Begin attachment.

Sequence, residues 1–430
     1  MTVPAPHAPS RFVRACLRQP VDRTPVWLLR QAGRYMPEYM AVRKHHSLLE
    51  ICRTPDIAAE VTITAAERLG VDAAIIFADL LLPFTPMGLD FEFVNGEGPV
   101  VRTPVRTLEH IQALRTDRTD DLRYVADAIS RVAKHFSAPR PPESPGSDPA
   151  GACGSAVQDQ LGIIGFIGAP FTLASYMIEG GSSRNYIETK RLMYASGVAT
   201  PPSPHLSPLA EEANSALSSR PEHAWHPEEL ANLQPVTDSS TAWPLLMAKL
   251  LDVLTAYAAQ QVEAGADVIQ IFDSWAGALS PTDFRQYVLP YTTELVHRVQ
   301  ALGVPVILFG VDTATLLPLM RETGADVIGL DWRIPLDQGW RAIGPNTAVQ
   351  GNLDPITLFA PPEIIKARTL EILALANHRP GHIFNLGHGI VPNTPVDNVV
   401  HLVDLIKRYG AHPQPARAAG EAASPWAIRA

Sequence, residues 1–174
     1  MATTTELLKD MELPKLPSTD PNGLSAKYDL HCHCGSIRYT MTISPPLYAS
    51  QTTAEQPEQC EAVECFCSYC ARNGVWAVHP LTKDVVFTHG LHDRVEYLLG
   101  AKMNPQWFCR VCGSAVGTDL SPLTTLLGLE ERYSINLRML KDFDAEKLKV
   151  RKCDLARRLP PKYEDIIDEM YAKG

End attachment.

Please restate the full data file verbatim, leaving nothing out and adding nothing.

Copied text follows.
Sequence, residues 1–430
     1  MTVPAPHAPS RFVRACLRQP VDRTPVWLLR QAGRYMPEYM AVRKHHSLLE
    51  ICRTPDIAAE VTITAAERLG VDAAIIFADL LLPFTPMGLD FEFVNGEGPV
   101  VRTPVRTLEH IQALRTDRTD DLRYVADAIS RVAKHFSAPR PPESPGSDPA
   151  GACGSAVQDQ LGIIGFIGAP FTLASYMIEG GSSRNYIETK RLMYASGVAT
   201  PPSPHLSPLA EEANSALSSR PEHAWHPEEL ANLQPVTDSS TAWPLLMAKL
   251  LDVLTAYAAQ QVEAGADVIQ IFDSWAGALS PTDFRQYVLP YTTELVHRVQ
   301  ALGVPVILFG VDTATLLPLM RETGADVIGL DWRIPLDQGW RAIGPNTAVQ
   351  GNLDPITLFA PPEIIKARTL EILALANHRP GHIFNLGHGI VPNTPVDNVV
   401  HLVDLIKRYG AHPQPARAAG EAASPWAIRA

Sequence, residues 1–174
     1  MATTTELLKD MELPKLPSTD PNGLSAKYDL HCHCGSIRYT MTISPPLYAS
    51  QTTAEQPEQC EAVECFCSYC ARNGVWAVHP LTKDVVFTHG LHDRVEYLLG
   101  AKMNPQWFCR VCGSAVGTDL SPLTTLLGLE ERYSINLRML KDFDAEKLKV
   151  RKCDLARRLP PKYEDIIDEM YAKG